When appropriate, design tests to accommodate flexible outputs. This enables students to implement solutions using different approaches while still receiving credit for correct results.
However, you should be careful when just printing anything the student outputs, as a student may be able to print out more than what you want them to. Rough summaries of what they output can be helpful to prevent this.
Provide clear failure messages
Craft specific failure messages tailored to your assignment. Avoid relying solely on generic assertion failure messages (
x != y). It is also useful to provide insights into why a particular test case failed if there is a common problem that is detectable.
As students start submitting, you may see a common pattern of error messages. It can be useful to add additional useful information to your autograder if you see a trend of errors in the first few student submissions, as it can help guide your students without them all asking you the same question.
Monitor student submissions and update your autograder if you notice errors
You can update your code autograder at any time, even after students have started submitting. If you update your autograder (i.e. to add more detailed error messaging) after students have started submitting, you can use the Regrade All Submissions button on the assignment’s Manage Submissions page to rerun your autograder on all existing active submissions.
Test edge cases and behaviors
Diversify the inputs used for testing to cover various edge cases and behaviors. This approach helps capture a wide range of potential issues and prevents students from "gaming" the autograder by coding specifically to the provided tests. This approach is known as fuzzing or fuzz testing and can be useful for finding edge cases.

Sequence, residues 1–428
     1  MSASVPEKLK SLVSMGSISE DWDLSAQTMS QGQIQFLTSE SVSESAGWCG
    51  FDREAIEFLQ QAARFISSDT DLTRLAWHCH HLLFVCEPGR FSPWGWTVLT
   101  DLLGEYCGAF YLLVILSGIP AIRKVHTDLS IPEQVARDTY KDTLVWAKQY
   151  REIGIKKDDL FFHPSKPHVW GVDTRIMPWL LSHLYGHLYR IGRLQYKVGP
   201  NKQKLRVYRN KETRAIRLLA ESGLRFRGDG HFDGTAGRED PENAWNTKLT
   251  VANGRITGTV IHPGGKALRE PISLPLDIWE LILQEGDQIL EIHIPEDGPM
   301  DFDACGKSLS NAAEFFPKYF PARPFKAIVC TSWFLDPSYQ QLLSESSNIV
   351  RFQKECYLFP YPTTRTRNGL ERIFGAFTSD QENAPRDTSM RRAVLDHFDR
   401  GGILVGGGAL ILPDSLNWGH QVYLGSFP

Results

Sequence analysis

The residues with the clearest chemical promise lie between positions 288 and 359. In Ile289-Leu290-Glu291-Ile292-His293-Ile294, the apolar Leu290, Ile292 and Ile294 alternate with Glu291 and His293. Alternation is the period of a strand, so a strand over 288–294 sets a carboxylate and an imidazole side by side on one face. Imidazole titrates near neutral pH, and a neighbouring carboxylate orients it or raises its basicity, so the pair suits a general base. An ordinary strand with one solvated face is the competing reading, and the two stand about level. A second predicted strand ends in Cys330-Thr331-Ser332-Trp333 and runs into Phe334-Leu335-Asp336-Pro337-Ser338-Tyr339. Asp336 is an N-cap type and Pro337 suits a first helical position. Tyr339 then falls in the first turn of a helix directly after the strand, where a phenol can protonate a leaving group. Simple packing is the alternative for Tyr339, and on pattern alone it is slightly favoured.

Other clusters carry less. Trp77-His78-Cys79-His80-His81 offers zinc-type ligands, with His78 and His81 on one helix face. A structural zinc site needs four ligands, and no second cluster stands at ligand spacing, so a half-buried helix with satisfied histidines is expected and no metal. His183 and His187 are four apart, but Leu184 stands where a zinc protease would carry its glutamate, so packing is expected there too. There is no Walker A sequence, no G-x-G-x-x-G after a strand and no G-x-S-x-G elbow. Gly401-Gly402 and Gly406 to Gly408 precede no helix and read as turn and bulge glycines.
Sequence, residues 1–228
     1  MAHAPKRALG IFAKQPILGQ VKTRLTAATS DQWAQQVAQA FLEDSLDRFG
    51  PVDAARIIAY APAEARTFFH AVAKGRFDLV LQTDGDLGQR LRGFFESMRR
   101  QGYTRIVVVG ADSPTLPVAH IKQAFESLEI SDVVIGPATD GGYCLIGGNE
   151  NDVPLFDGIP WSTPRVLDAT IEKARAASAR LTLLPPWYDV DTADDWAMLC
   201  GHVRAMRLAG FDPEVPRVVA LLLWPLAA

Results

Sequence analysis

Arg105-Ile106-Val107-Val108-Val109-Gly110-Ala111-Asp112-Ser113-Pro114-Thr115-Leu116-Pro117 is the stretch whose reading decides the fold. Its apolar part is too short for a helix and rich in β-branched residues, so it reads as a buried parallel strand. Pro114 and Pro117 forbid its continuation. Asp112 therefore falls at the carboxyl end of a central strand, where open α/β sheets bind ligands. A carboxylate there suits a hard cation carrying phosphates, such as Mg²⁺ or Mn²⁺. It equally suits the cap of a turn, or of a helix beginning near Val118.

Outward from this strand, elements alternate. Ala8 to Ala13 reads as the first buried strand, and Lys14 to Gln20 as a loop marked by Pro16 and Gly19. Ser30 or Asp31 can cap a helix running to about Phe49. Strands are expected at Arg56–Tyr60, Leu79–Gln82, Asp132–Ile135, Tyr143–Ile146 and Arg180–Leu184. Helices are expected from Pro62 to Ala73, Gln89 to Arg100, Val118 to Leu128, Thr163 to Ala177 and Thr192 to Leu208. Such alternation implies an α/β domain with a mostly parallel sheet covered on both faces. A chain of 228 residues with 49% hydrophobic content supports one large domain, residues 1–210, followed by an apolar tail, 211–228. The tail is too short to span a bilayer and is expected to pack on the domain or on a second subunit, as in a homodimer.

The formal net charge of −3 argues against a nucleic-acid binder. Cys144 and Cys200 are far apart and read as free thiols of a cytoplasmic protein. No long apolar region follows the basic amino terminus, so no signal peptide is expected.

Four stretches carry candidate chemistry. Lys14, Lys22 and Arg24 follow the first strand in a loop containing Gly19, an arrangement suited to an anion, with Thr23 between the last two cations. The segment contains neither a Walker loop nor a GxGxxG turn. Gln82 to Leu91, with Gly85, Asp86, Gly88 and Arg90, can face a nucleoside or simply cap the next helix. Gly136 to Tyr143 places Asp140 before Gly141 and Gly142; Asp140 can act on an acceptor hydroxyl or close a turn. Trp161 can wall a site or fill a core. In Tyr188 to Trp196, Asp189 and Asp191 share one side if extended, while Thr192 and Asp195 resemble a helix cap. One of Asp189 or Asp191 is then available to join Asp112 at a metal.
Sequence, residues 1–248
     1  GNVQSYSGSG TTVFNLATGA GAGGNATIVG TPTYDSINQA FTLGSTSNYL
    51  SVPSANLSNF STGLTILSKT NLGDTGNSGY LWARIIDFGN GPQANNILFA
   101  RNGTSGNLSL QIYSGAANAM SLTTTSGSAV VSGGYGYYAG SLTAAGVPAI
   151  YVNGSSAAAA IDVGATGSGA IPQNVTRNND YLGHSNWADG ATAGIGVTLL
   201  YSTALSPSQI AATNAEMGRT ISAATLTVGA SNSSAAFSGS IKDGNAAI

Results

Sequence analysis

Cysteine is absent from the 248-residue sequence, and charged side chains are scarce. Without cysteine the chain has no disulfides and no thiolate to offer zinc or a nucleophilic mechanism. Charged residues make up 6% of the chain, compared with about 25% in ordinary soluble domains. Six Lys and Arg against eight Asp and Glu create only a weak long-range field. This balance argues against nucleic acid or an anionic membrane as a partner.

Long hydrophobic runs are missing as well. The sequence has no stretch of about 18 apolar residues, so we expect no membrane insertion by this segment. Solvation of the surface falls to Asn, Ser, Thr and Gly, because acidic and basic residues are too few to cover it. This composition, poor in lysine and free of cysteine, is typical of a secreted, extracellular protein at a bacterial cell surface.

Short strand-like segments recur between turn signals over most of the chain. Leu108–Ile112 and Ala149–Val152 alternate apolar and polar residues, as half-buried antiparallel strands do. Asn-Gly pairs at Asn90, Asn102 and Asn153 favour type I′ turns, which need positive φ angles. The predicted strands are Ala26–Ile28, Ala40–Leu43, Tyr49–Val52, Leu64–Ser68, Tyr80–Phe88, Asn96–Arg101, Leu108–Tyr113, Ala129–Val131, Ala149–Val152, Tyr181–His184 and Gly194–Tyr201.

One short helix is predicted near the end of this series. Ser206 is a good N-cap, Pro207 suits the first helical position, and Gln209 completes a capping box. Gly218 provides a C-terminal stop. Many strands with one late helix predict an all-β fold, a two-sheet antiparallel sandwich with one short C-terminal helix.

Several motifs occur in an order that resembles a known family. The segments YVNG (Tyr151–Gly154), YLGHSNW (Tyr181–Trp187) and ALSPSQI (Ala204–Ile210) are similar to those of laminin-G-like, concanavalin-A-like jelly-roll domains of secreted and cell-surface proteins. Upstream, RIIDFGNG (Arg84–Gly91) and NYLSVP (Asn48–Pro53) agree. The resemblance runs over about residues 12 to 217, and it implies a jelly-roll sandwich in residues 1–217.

However, note that while it may seem like a good approach to use randomly changing values every time the autograder runs, this can be counterproductive as bugs may cause random tests to pass only some of the time, which can be difficult to debug. If randomness is used, we recommend setting a seed (either per run, per submission, or for the entire autograder) so that it is easy to reproduce the inputs which caused the errors to occur. It may also be useful to test multiple random inputs.
Delay visibility of test cases
To discourage students from coding their solutions to match the autograder tests, consider delaying the visibility of some test cases until a later point in time. This approach promotes independent problem-solving and original code development. However, it is still a good idea to have a few sanity tests to allow your students to ensure their code is properly submitted!
Do you have any autograder best practices or suggestions that you’d like to share with the Gradescope instructor community? Let us know at firstname.lastname@example.org!